Ross Island revision goes to land board
New plan would further protect Willamette River
The revised plan for reclaiming Ross Island is scheduled to be presented to the state Land Board this morning.
'I'm very pleased that the plan came together in a way that will provide for an environmentally sound project,' said Ann Hanus, director of the Division of State Lands, which approved the plan earlier this month.
The longtime mining site has been operated by Ross Island Sand & Gravel, which is owned by Robert Pamplin Jr., who also owns the Portland Tribune.
In 2001, Pamplin announced plans to turn the island over to the city of Portland for use as a park.
The original reclamation plan was approved in 1979. The revised plan was developed during the last two years by an advisory committee that included city Commissioner Erik Sten and Mike Houck, an urban naturalist for the Audubon Society of Portland.
According to Hanus, the significant differences between the two plans are:
• The 1979 plan would have required 20 years to complete; the new plan will be finished in approximately 10 years.
• The new plan includes a comprehensive monitoring program, which the previous plan did not address.
• The new plan creates 23 acres of wetlands to provide habitat for fish and wildlife; the 1979 plan did not include the habitat.
• The 1979 plan required the lagoon to be filled to an average depth of 20 feet, requiring more than 20 million cubic yards of fill; the new plan would leave some deep holes in the lagoon, requiring approximately 4.5 million cubic yards of fill.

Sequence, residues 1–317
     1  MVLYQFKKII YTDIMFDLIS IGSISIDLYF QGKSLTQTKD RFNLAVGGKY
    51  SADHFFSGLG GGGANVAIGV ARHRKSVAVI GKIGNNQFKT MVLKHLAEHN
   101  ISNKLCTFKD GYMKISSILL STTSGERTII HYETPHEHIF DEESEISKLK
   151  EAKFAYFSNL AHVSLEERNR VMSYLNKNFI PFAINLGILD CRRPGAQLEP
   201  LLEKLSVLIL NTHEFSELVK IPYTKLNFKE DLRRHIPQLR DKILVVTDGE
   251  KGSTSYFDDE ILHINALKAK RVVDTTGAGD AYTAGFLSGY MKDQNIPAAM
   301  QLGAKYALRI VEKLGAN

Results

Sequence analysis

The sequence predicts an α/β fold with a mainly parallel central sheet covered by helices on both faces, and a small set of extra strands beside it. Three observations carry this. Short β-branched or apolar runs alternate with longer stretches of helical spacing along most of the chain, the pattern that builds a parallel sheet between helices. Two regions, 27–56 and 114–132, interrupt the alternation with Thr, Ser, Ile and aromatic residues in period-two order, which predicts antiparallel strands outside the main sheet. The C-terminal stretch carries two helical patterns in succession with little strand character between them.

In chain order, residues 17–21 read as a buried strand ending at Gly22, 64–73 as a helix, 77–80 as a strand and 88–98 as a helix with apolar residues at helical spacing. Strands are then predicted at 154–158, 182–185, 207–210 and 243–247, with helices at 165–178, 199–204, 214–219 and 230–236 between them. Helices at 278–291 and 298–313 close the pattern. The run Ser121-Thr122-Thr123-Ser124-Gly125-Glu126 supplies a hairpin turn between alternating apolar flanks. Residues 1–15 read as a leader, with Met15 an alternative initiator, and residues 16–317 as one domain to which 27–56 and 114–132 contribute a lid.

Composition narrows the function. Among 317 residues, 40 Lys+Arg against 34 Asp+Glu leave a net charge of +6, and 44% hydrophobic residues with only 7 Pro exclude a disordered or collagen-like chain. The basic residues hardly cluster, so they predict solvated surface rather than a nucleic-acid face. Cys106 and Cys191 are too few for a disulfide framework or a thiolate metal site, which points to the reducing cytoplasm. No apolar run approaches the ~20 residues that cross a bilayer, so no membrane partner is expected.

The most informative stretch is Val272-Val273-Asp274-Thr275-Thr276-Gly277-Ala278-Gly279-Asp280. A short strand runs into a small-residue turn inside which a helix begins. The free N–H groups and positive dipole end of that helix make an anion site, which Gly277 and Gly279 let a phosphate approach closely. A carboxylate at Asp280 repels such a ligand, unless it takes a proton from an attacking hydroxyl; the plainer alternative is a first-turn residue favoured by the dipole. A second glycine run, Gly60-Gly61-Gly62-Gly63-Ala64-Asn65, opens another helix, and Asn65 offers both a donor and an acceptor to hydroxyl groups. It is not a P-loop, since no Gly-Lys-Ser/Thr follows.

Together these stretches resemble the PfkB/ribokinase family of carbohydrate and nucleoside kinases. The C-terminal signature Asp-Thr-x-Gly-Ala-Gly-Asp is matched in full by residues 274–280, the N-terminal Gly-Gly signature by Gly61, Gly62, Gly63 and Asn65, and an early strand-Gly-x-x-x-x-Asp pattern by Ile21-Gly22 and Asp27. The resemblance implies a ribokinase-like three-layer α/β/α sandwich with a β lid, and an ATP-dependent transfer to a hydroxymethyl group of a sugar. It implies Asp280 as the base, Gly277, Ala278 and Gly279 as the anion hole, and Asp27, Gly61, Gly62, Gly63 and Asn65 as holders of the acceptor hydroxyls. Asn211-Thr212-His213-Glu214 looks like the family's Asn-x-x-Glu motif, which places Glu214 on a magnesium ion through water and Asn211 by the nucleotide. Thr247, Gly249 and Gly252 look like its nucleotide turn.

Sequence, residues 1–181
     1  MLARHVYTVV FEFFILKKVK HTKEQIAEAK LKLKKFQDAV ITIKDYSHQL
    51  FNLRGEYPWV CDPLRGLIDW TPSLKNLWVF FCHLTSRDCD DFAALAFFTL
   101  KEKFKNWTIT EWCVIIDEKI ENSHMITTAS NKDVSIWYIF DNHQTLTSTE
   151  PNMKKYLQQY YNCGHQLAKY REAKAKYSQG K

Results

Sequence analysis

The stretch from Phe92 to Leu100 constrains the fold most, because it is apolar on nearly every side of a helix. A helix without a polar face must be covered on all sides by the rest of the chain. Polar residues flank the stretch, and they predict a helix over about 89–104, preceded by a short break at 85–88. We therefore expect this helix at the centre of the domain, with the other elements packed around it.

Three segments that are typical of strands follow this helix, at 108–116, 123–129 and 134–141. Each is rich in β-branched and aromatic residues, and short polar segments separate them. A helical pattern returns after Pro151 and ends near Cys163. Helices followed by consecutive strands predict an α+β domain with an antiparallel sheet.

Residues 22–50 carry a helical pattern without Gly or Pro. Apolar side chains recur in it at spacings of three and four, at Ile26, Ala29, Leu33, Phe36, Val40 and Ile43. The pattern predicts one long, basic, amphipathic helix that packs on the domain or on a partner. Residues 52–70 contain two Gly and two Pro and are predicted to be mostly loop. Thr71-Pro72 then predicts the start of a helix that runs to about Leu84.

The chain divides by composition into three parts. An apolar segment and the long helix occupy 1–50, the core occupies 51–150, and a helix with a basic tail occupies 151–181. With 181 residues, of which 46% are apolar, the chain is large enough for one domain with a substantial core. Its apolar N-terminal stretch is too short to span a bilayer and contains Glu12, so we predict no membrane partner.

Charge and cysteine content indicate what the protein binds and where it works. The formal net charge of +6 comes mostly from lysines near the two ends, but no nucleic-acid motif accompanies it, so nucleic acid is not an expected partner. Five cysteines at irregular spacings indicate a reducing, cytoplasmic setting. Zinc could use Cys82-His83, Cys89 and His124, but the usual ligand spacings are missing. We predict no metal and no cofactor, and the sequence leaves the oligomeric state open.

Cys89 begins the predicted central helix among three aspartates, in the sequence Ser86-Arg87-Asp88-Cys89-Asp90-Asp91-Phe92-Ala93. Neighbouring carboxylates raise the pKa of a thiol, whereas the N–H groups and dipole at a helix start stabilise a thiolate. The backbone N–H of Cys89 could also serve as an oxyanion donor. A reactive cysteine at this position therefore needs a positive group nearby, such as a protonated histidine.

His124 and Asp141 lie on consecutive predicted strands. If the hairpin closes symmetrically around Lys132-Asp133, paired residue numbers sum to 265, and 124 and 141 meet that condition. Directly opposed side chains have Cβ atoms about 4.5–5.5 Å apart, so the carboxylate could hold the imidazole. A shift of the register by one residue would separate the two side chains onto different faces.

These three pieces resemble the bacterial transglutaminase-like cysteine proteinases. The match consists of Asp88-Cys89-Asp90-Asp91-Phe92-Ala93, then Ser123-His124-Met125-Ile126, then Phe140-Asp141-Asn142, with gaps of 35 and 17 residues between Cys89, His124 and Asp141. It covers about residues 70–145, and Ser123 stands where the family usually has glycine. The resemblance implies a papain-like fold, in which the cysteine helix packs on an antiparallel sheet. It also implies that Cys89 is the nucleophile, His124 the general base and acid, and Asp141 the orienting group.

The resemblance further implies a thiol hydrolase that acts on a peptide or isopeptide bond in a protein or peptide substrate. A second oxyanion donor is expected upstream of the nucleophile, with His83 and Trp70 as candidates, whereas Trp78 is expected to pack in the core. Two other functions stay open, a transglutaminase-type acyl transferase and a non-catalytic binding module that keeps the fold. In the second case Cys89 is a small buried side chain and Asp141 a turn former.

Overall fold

• The original plan allowed a variety of fill materials to be used; the new plan specifies that only uncontaminated material approved by the state Department of Environmental Quality can be used.
Hanus said she approved the revised plan because it offers more protection for the Willamette River while still meeting environmental requirements.
Houck said he was pleased with the plan but requested that Ross Island donate the property to the city soon and set up an endowment fund to pay for restoration.
Houck also urged the mining company to improve fish and wildlife habitat at the nearby North Macadam Urban Renewal Area as mitigation for 75 years of mining in the area.
After Ross Island is donated to the city, the mining company will continue operating its nearby gravel processing plant on Hardtack Island. The two islands were connected by a 900-foot dike in 1927.